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MPH Student Presentations on the NHS Care.Data Programme

As part of a session on primary care data in the Health Informatics module on the Imperial Master of Public Health Programme, I asked students to work in two groups to present arguments for and against the NHS Care.Data programme. Care.Data is an NHS programme that will extract data from the medical records held by general practitioners (GPs) in England. The Care.Data programme takes advantage of the very high level of use of electronic medical records by GPs in England. After extraction, data will be uploaded to the NHS Health and Social Care Information Centre (HSCIC). The data will then be used for functions such as health care planning, monitoring disease patterns and research. The programme has been controversial with proponents arguing that the programme will bring many benefits for the NHS and the population of England; and opponents arguing it is a major breach of privacy. You can view the two presentations to help inform you further about these arguments:



You can also read the NHS Guide to Care.Data, Information on Care.Data on NHS Choices, and an Unofficial Guide to Care.Data published by wired.co.uk.

Comments

Anonymous said…
Don't forget the constant failure of Government inspired databases
cobweb said…
remember if you wish to agree to share there may be others in your life who may not wish to agree so you will be compromising their right to privacy
Anonymous said…
"Don't forget the constant failure of Government inspired databases" <-- this database has been working fine for 25 years with secondary care data. All they're doing is expanding it to include primary care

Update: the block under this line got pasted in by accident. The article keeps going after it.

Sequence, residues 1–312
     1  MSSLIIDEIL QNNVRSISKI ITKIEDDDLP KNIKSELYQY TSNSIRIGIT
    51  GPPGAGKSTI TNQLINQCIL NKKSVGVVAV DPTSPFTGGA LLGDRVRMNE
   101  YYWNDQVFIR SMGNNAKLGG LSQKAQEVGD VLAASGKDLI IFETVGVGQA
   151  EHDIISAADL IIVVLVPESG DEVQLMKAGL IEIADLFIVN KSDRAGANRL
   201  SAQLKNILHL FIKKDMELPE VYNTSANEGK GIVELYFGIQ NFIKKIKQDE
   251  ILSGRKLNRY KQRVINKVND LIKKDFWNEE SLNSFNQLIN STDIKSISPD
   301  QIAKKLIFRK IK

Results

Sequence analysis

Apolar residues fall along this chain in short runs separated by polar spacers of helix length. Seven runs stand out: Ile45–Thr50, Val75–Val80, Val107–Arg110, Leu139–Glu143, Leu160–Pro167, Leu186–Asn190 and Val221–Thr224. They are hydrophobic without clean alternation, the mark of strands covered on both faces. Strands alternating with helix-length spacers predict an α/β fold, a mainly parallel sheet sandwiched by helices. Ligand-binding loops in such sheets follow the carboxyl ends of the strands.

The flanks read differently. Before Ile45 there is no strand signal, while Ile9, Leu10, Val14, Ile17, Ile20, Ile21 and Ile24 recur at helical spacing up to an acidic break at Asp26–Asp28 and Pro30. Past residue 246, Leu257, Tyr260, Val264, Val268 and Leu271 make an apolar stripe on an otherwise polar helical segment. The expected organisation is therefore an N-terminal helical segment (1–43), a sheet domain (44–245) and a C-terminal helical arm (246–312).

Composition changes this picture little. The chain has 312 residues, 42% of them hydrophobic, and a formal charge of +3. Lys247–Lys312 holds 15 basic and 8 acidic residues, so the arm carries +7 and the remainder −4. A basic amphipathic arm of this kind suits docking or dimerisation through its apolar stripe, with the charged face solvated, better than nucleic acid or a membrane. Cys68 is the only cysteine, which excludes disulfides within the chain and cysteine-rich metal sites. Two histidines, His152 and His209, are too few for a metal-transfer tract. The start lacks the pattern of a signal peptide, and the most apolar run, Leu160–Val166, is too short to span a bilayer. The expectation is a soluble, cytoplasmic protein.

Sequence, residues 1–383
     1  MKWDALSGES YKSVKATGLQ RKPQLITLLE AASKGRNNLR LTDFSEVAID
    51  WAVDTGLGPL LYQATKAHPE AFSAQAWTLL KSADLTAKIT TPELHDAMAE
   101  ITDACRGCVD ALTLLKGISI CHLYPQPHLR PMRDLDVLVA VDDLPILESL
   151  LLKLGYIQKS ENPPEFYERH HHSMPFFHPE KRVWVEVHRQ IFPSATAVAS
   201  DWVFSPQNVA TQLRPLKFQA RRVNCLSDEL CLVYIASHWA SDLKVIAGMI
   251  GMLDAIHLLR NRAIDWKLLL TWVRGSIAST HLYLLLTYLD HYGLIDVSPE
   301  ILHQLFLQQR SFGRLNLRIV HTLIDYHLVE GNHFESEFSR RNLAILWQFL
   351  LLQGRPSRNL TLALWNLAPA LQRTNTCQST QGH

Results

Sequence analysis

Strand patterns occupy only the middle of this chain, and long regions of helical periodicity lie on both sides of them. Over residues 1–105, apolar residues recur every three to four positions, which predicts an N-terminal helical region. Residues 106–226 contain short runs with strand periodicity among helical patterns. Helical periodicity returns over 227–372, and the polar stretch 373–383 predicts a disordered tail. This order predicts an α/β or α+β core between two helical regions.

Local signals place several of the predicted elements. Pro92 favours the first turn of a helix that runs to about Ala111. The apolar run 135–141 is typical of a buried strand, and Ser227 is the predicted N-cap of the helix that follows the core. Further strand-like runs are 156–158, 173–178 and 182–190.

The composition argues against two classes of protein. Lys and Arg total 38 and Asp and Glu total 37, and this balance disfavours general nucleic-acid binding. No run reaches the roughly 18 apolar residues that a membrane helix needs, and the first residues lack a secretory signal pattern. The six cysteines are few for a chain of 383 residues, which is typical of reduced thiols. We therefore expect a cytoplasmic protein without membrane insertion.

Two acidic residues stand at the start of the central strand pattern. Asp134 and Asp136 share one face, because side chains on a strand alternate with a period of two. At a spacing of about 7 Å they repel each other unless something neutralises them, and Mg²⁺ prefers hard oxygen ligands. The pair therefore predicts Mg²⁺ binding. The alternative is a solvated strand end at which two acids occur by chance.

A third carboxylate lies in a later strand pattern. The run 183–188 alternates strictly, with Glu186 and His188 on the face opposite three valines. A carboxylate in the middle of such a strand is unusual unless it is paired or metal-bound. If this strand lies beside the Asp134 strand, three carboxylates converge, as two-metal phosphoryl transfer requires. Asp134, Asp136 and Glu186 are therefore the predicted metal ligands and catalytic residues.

boneman said…
I would say the 'Against' argument wins convincingly - on the basis of the two PowerPoint presentations...
Anonymous said…
So sad to see so many against this excellent initiative. I would share my data willingly. Not just for my sake but for all mankind. Enormous benefits can come when all this data is "mined" by PhD students which can lead to better insights into some diseases and better treatments which benefit millions of people. Some comments elsewhere seem to be paranoid about private companies benefiting in some way. Every time you go to the chemist with a prescription it doesn't seem to bother you then. So the "Big Pharma" guys seem to be not so bad after all, when you need them.
maryhawking said…
There are a number of issues involved in care.data - including management of the linked datasets (which will be so rich that they ought to be considered re-identifiable): who has access and how that access is managed ( a 'data lab' environment such as the one operated by QResearch is inherently less risky than a release of the whole dataset): the quality of the data gathered, and whether the two (or more) datasets being linked contain comperable data.
see
http://phcsg.org/clicsig-5614-can-care-data-be-made-compatible-with-patient-confidentiality/
There has been support for the concept of using the incredibly rich data held in GP medical records for research purposes for a long time - hence the existence of research databases such as QResearch, the CPRD, ResearchOne, and THIN.
http://phcsg.org/publications/fair-shares-for-all-final/

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